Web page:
refernet mobility apprenticeships be Abstract

In order to present the state of long-term mobility in apprenticeships in Belgium,In order to present the state of long-term mobility in apprenticeships in Belgium,we must first define “long-term mobility” and who it concerns within the complicatedBelgian educational and training systems. The term “long-term mobility” refers toindividual international mobility within the European Union which last more thanthree months. Apprentices are learners aged from 15 to 25 enrolled inapprenticeships within work-based learning (WBL) schemes at an ISCED 3 or 4level. The term “apprenticeship” follows Cedefop's definition, i.e. “education andtraining underpinned by structured alternation of learning in an education andtraining setting with learning and working at a workplace and leading to arecognized qualification. (…) An apprentice has a contract with the employer andreceives a compensation (wage or allowance) from the employer according to therelevant regulations”.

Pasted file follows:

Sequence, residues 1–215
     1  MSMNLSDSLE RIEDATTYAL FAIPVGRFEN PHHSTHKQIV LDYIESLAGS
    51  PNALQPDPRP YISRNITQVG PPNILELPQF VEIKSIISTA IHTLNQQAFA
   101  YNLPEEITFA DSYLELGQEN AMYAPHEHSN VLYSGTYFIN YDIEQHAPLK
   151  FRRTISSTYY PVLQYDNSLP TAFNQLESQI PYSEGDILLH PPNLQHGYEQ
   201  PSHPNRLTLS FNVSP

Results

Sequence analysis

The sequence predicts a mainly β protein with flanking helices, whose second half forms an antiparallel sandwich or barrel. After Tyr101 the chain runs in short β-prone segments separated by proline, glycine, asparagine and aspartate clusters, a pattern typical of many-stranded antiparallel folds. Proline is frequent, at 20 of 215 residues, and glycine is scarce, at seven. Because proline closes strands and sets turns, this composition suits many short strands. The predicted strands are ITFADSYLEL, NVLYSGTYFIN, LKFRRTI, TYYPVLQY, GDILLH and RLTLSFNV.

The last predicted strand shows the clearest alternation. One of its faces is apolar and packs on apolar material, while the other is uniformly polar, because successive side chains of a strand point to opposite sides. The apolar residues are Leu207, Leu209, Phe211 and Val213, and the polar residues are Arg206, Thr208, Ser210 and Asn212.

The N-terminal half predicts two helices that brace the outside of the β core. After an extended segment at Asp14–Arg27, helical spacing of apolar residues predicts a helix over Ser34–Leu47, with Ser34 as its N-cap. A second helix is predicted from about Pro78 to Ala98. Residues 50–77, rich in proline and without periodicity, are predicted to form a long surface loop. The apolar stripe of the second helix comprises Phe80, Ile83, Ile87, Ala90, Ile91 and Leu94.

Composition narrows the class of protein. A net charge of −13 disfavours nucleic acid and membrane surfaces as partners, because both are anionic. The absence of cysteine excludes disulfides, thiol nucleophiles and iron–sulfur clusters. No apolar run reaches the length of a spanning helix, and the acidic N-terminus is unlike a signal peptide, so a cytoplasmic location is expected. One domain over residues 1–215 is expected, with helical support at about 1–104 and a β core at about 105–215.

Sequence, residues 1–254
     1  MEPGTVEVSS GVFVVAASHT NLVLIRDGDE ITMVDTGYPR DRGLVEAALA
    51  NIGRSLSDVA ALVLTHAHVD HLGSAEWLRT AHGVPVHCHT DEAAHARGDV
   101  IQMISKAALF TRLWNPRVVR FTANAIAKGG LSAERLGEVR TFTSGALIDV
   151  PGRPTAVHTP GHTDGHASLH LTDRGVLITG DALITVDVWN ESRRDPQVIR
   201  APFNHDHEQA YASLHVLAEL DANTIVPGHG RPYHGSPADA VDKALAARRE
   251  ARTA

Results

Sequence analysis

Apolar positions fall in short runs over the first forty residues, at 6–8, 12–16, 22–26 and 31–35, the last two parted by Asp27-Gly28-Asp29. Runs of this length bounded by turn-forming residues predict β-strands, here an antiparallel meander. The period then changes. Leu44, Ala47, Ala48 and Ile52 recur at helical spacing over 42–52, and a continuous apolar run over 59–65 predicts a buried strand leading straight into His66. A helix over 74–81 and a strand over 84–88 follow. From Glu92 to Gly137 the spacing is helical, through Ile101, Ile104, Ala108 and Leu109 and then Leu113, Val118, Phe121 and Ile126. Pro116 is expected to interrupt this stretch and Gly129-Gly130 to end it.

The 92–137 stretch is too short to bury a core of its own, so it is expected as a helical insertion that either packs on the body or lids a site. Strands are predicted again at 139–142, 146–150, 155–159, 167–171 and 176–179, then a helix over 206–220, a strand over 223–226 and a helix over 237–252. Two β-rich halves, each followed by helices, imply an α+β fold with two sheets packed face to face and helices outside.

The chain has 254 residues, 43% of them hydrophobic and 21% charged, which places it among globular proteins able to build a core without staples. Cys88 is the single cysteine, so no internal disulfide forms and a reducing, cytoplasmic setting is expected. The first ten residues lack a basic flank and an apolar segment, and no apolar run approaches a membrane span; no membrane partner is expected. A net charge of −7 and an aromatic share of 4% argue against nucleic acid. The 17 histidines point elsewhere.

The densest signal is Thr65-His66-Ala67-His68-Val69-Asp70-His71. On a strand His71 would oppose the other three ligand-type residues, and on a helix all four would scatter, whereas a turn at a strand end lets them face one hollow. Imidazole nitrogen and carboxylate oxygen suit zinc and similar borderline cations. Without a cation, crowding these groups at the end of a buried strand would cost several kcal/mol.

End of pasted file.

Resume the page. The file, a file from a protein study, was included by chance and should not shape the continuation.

Within this context, long-term mobility in WBL, thus also in apprenticeships, isnot even a niche topic in Belgium: it simply does not exist. Given this state of affairs,a number of circumstances and obstacles can be identified and commented upon.This article will try to detail them, order them by importance and provide potentialsolutions and recommendations. However, one thing will immediately becomeapparent to the reader, as has been confirmed by all of the people we spoke to:although long-term mobility is appealing to apprenticeship and VET in general andit can represent a chance for schemes and programmes that are not attractiveenough, no Belgian stakeholder says he is in real need of it. As a result,discussions have led to the idea that long-term mobility in apprenticeship must beconceived as a sui generis model, still to be designed.

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